Blog Archives

‘Estadounidismos’: A New Variety of Spanish

More and more people in the United States speak Spanish; in fact, it is the second most spoken language in the country. As a consequence, many official documents are now written in Spanish. Both public bodies and private companies translate many of their documents. Sometimes it is so employees or users can better understand rules, […]

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Lost in Punctuation

As languages may differ in terms of structure, gender, and syntax; there’s something that most languages have in common (there are a few exceptions to the rule): they need Punctuation. Punctuation is what helps us make sense of what we read and say, a necessary evil which serves to contain the chaos inherent in language. […]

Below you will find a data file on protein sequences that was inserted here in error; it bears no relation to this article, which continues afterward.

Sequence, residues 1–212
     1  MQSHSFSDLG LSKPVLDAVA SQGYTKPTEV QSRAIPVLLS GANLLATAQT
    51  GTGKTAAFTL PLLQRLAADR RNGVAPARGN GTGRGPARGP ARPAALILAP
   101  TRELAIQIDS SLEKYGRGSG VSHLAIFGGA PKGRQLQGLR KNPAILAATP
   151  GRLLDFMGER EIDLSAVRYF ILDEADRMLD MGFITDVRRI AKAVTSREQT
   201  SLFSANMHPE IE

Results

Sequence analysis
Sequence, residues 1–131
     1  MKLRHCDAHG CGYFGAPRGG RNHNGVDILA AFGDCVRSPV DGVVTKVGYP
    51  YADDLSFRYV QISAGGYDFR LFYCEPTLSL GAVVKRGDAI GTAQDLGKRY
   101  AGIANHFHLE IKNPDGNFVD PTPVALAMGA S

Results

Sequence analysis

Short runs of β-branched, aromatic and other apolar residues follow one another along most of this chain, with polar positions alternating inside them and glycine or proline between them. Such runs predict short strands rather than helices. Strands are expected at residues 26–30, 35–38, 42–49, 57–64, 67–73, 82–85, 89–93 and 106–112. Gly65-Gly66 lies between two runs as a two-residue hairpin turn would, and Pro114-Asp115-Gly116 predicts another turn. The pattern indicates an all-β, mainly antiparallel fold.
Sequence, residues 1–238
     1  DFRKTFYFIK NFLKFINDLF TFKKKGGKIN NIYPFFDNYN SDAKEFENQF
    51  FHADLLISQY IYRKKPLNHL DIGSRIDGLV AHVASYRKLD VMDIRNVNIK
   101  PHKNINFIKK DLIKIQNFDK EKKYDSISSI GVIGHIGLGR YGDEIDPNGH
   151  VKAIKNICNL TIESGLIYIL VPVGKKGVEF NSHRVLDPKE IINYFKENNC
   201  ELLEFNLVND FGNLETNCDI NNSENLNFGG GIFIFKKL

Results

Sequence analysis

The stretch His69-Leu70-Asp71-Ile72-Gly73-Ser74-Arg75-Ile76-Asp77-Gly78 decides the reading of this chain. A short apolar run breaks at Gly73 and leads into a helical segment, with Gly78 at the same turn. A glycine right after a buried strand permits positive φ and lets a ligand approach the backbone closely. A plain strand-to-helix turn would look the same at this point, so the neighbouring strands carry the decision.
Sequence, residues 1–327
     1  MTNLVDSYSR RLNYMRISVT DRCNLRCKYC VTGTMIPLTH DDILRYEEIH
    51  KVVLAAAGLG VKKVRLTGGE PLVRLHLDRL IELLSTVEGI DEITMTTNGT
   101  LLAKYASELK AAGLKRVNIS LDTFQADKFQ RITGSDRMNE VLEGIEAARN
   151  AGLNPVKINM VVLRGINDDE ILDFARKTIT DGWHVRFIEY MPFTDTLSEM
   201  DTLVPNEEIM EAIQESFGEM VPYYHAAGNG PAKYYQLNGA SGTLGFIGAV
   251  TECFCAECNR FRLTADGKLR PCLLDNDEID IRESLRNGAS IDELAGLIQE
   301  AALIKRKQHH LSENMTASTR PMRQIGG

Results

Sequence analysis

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Capital Mistakes

One of the main doubts English to Spanish translators have is deciding how to choose from the capitalization options the Spanish language has to offer depending on the specific flavor we are working with. One such example is Spanish U.S., where most prefer to follow the English capitalization rule in which every word of a title or header is […]

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What is Papiamento?

When you’re on vacation you want everything to be easy and relaxing. And for many, apart from resting and exploring our destination of choice, we would also like to be able to communicate with the locals.   Since English is my native language, and I also speak Spanish quite fluently, traveling through any English-speaking country, […]

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The Gender-Sensitive Evolution of Languages

One of the characteristics that makes the English language such an easy-to-learn and accessible language is – from a grammatical perspective – its neutrality when using masculine and feminine nouns, and more importantly, articles. Latin languages (such as Spanish, French, Italian, and Portuguese) are gender-sensitive languages, where the differentiation between masculine and feminine is evident. […]

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